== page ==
Burmese Days

In this study guide, you can get help analyzing the novel excerpt from George Orwell's Burmese Days. In addition to the analysis help, you can find a summary of the text as well as ideas for interpretation and perspectives.

Presentation of the text

Title: “Burmese Days” (1934)
Author: George Orwell
Genre: Short story

Eric Arthur Blair (1903-1950), best known by the pen name George Orwell, was an English writer. He is best known for his political works and dystopian tales of totalitarian societies - including novels such as Animal Farm (1945) and Nineteen Eighty-Four (1949).

In his youth, Orwell worked as a policeman in Burma (now Myanmar), then one of the British colonies in India. Orwell's novel Burmese Days is inspired by his experiences in Burma.


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Racism and oppression

Both Mr Flory and Dr Veraswami hold racist views, pointing to widespread racism in the social setting. Mr Flory’s racism is revealed when he mentions that it is “gangs of Jews and Scotchmen” (p. 273, ll. 16-17) which benefit from the British Empire. In Dr Veraswami’s case, the racism is internalized, as he believes that Indians are “an inferior and degenerate race” (p. 273, l. 1). He also believes that Easterners are inferior, as shown by the following remark: “ ‘My friend, my friend, you are forgetting the Oriental character. How iss it possible to have developed us, with our apathy and superstition?’ ” (pp. 273-274, ll. 44-1)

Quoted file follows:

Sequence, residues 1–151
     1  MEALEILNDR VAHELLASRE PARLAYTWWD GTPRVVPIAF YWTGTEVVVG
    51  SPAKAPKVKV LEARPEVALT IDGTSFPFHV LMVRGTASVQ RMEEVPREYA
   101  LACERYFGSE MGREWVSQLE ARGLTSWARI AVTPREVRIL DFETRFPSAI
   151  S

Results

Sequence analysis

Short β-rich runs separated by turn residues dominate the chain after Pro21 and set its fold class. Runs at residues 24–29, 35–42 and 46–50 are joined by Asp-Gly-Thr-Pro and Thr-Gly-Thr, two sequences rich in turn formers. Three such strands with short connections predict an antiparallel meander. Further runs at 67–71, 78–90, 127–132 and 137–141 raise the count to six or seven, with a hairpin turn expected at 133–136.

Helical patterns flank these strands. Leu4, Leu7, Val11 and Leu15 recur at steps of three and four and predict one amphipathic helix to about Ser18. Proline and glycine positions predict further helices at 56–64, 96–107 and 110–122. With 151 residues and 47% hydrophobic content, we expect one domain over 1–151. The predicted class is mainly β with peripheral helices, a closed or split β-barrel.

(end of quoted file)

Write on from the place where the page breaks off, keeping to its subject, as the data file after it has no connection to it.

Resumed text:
Another form of oppression was the exploitation of native resources. Mr Flory mentions the disadvantages brought by the British to the Burmese populations: " 'The official holds the Burman down while the businessman goes through his pockets' " (p. 273, ll. 9-11).  Also, the Burmese were given lower job qualifications than the British. This points to how the British take advantage of the local populations.  It also points to the many ways the British benefit from the colonies - such as having complete control of the trade system.  

The harsh consequences of the British occupation in Burma are briefly touched upon at the mention of floggings and hangings, which Dr Veraswami needs whisky to get over (p. 273, ll. 1-4).

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Burmese Days

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